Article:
These numbers speak to a trend that is spreading to universities across the country.

In 2008, GW shocked the nation when it became the most expensive university in the country with a sticker price of $40,437 for tuition and fees, according to Forbes. Tuition and fees for this year are at $51,950. Today, Columbia University in New York City claims the title for the most expensive school in the nation with a price tag of $55,056 for tuition and fees for the 2016–2017 academic year, according to U.S. News. In less than a decade, the price of the most expensive private university has increased by almost $15,000.

There has been a race to the top among universities. As universities become more expensive, applicants are more drawn to them since a university’s ranking is often associated with its value. This has contributed to the enormous increase in the cost of attendance for students and the loans that more and more people are forced to take out as a result.

When trying to understand why universities are becoming so expensive, one factor that is commonly cited is the construction of nearby luxury facilities with high costs. In 2014, Forbes published The College Amenities Arms Race, in which it chronicled universities’ building facilities with movie theaters, luxury restaurants, and multi-million dollar recreation facilities. According to Forbes, in 1995, universities across the US spent $9.1 billion on construction. Eleven years later, $15 billion was spent collectively. Consider our own District House, which cost $130 million dollars, or the $275 million Science and Engineering Hall.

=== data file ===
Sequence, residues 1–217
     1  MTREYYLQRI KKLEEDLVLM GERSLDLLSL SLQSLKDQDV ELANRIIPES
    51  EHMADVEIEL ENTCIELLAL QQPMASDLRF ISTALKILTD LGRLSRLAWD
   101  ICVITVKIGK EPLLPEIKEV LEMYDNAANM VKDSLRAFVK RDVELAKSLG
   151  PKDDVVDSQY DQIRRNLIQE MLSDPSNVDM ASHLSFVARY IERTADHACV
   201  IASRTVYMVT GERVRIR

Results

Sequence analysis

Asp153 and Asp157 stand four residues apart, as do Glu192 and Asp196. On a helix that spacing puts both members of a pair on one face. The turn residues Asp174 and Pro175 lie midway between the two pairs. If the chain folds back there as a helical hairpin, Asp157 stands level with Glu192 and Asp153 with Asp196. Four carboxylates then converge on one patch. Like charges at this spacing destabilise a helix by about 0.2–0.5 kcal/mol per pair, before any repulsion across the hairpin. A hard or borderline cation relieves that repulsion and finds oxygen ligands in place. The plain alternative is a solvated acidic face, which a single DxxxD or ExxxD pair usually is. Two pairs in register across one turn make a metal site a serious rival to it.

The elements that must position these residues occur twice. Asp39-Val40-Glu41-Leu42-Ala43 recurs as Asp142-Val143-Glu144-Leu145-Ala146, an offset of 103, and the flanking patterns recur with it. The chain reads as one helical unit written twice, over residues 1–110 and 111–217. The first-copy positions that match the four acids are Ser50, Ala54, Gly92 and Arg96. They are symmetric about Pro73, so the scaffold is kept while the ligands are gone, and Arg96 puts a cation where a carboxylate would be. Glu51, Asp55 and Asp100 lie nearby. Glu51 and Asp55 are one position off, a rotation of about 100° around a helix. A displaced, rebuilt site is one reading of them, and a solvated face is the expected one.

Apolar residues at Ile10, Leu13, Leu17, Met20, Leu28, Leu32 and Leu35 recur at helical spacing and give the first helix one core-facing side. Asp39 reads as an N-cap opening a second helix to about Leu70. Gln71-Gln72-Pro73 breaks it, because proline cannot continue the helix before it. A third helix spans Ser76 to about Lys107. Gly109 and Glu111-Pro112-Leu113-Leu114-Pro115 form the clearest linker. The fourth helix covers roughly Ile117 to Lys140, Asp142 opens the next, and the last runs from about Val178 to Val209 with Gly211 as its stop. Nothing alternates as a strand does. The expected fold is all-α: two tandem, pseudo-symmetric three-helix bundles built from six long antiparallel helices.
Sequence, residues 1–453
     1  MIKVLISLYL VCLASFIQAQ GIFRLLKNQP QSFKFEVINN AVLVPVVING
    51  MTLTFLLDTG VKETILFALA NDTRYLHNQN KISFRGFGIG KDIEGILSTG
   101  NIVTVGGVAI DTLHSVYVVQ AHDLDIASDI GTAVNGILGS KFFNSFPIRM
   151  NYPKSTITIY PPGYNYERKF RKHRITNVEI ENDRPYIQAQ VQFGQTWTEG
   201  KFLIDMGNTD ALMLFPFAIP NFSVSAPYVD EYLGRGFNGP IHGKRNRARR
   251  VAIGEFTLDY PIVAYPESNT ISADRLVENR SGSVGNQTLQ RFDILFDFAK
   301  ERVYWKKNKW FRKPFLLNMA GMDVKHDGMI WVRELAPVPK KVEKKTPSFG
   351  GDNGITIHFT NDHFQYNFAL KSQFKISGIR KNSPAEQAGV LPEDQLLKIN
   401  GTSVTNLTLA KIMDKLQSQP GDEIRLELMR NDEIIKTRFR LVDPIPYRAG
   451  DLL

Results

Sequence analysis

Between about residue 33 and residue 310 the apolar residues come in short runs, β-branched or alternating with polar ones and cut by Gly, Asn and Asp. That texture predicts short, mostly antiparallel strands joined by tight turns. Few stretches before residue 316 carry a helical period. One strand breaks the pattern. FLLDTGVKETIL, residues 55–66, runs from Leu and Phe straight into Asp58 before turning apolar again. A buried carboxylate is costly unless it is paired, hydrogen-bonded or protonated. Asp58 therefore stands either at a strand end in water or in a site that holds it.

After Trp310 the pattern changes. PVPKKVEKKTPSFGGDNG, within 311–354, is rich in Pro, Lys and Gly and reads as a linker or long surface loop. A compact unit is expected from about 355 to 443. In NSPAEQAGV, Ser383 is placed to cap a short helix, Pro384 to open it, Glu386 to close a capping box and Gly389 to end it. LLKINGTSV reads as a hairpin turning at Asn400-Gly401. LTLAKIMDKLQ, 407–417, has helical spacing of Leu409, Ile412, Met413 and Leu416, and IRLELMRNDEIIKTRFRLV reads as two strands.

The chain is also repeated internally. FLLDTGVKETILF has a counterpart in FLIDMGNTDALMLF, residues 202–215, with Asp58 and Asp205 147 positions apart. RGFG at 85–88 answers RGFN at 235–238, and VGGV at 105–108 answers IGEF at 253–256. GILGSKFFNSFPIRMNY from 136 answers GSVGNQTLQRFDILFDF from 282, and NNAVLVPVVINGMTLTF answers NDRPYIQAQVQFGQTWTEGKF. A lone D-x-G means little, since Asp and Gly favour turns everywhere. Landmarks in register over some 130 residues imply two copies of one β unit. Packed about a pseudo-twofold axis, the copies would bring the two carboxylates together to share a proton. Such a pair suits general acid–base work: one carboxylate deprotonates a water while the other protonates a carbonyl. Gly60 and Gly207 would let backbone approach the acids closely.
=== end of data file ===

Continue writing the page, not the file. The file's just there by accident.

Schools all over the country are trying to be more attractive to applicants by building shining facilities that attempt to create a more luxurious campus environment. “We found that the lower ability students and higher income students have a greater willingness to pay for these amenities,” said Brian Jacob, a researcher from the University of Michigan, in an interview with Forbes. “It’s kind of smart from the college’s perspective.”

In addition, high salaries among school staff and administration have bore some blame for the sky-rocketing price of tuition. In 2015, The New York Times published an article discussing the excessive salaries of Private College Presidents. The article said that “[d]espite pressure on institutions of higher learning to hold down costs, the compensation of private college presidents continues to climb, up 5.6 percent between 2012 and 2013.”

In 2013, the median salary for university presidents was $436,000. In 2013, GW’s president Steven Knapp made $741,496, and $1.108 million after bonuses. According to the Chronicle of Higher Education, Knapp’s been making at least $1 million after bonuses since 2009.

As the nation’s schools become more expensive, students are left only with the option of borrowing more money, so that they can actually attend them.

In 2011, student loan debt passed credit card debt and auto loans. The following year, total student loans passed the $1 trillion mark. The amount of student loan debt was half that in the beginning of 2007.

Economists are scrambling to figure out what the ramifications of such a high debt rate will be.

Signs are already emerging of what changes this could force in the American economy. It was found that between 2003 and 2012, homeownership by people with student debt fell by roughly 10 percent.